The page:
Traditions, Existing Paradigms, and Sacred Cows in nursing and nursing education

  1. while reading think tank on perioperative learning experiences in the nursing curriculum came across the interesting section regarding nursing education.

    traditions and "existing paradigms" in nursing and nursing education

    ...think tank participants were then asked to explore the traditions, "existing paradigms," and "sacred cows" that exist in nursing and nursing education that may be barriers to change.

    the following were identified:
    1. lock-step curricula (which describes many nursing curricula) allow for little, if any, student choice or opportunities to explore areas of interest to them
    2. content-driven curricula (which describes many nursing curricula) emphasize "covering content" more than student learning, students' excitement about learning, processes, values development, etc.
    3. teaching theory and practice concurrently may inhibit student learning, rather than enhance it
    4. faculty, who are experts in a narrow area of clinical practice, may have difficulty "translating" that knowledge to the level of a beginner
    5. faculty concerns about promotion and tenure may inhibit their willingness to try innovative approaches to teaching/learning, evaluation, or curriculum development
    6. teaching and learning generally are individual activities, yet our practice settings expect teamwork and collaborative, cooperative functioning
    7. faculty feel great pressure to prepare students to pass the nclex-rn exam and design learning and evaluation methods that align with that exam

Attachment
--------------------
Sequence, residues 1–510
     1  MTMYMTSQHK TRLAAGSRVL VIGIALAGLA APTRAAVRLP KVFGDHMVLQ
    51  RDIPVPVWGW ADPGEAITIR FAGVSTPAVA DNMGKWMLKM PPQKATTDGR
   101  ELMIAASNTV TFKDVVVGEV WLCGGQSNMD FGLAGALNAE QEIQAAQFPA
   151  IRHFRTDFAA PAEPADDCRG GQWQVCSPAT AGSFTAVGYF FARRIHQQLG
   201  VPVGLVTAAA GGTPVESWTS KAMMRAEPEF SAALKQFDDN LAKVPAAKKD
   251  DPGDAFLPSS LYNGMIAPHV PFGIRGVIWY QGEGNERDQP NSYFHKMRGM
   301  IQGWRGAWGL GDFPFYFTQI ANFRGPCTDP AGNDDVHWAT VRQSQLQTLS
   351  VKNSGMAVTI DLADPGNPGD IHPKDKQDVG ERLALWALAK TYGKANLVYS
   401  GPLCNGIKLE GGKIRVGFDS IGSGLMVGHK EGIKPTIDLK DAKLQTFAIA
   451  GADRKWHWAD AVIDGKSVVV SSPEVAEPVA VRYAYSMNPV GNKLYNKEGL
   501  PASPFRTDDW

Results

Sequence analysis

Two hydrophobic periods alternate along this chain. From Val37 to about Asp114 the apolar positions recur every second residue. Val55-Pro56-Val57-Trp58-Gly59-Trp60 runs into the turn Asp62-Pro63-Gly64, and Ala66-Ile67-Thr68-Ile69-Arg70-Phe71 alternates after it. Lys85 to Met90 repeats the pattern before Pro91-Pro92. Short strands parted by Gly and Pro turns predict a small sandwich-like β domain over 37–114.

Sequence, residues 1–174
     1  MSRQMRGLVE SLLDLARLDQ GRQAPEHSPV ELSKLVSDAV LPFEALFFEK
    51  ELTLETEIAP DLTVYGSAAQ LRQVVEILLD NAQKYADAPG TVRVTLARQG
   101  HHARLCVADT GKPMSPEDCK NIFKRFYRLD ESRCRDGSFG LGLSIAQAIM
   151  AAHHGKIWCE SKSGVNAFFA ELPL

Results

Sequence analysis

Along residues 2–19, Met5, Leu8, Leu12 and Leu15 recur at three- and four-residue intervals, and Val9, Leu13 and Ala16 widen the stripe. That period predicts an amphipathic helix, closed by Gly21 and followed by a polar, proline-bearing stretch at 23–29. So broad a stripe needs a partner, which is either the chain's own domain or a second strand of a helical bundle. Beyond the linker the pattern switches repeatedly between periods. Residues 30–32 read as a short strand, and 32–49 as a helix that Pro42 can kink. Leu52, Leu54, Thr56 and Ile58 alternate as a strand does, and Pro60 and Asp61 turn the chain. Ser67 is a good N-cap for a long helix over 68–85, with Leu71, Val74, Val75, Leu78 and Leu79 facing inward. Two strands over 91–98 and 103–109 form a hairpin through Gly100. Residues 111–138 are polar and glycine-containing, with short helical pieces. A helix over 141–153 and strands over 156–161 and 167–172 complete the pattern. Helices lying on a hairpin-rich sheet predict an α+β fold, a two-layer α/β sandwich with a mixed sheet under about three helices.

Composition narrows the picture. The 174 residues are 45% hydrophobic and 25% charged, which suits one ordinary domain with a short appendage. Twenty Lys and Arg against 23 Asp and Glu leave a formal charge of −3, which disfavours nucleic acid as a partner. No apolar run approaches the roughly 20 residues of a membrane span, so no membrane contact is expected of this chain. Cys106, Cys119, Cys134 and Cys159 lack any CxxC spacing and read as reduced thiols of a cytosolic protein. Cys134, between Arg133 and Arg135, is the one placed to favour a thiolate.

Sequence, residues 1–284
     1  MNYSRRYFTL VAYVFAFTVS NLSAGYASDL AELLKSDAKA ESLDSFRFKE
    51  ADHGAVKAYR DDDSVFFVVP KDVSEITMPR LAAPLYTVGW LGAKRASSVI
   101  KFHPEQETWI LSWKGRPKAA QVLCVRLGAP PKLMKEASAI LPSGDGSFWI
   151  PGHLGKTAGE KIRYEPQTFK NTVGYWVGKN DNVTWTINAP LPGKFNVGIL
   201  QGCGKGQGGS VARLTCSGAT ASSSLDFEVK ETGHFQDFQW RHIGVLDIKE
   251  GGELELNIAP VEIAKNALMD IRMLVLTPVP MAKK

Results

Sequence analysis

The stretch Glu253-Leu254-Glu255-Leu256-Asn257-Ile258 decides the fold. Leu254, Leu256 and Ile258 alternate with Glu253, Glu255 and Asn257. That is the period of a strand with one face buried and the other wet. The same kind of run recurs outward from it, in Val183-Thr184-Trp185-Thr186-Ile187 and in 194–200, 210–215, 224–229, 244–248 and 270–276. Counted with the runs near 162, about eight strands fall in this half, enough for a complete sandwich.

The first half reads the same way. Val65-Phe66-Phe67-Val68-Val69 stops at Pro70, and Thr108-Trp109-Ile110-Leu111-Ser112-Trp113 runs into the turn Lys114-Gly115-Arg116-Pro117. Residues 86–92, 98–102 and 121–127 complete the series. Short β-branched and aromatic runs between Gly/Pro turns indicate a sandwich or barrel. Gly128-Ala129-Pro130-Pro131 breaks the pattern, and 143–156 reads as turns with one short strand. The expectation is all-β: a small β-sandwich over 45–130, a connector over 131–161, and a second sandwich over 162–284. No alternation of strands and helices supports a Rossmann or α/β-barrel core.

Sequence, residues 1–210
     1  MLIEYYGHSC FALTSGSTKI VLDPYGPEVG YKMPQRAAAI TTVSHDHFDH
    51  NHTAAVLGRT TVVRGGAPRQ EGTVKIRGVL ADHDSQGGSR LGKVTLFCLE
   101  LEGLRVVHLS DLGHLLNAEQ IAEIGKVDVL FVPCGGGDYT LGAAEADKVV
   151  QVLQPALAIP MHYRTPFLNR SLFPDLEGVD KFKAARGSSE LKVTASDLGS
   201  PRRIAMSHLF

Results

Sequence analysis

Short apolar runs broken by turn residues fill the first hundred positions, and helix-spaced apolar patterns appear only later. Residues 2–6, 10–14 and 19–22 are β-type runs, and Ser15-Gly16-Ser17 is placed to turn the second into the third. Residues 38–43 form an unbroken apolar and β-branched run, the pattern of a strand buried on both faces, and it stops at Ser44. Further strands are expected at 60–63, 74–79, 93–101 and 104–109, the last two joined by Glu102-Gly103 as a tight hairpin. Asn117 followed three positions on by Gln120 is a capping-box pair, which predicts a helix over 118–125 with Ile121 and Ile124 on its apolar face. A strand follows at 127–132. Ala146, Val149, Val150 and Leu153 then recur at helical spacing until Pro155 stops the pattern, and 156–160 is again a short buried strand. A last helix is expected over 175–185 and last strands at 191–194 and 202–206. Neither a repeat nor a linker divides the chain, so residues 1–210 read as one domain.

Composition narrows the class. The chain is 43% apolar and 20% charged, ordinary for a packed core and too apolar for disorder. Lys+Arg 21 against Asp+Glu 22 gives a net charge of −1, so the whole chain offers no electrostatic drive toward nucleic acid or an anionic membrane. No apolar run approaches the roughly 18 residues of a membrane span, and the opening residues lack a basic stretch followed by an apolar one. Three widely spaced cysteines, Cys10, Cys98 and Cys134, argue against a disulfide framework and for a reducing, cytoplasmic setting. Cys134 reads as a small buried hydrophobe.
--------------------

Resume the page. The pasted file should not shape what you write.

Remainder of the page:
8. there often is repetition of material in a nursing curriculum
    9. students report being overwhelmed with work but not intellectually challenged in nursing programs ... and they want to be challenged to think
    10. most faculty are expert clinicians who have not been prepared for the faculty role and, therefore, do not have the theoretical base on which to design innovative curricula
    11. faculty and schools are under pressure to "fill classroom seats" to meet revenue and "enrollment picture" expectations
    12. the way we provide clinical experiences in nursing programs has not changed significantly over the years
    thought i'd share and get your reactions.
    Last edit by NRSKarenRN on Jan 3, '05 : Reason: corrected link
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  3. by   SusanJean
    Since I have not attended nursing school, I can not comment yet.
    I have attended PA school and I would say the problems listed above for nursing are glaring in the program I was enrolled in.
  4. by   Altra
    From a student's perspective ...

    Many of the statements seem true - curricula geared to NLN standards, focus on covering content & preparation for NCLEX, etc. But is this necessarily a bad thing? Nursing education must prepare a student to begin clinical practice - a considerable amount of knowledge of theory and procedure has to be "crammed into" a nursing student within the time allotted.